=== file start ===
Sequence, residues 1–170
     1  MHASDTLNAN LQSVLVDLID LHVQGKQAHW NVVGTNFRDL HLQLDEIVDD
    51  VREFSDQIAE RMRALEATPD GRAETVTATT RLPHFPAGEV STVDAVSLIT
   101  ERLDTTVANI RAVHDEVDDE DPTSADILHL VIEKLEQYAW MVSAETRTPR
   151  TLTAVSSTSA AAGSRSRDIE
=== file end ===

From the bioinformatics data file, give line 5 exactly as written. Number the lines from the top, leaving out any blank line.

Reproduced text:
   151  TLTAVSSTSA AAGSRSRDIE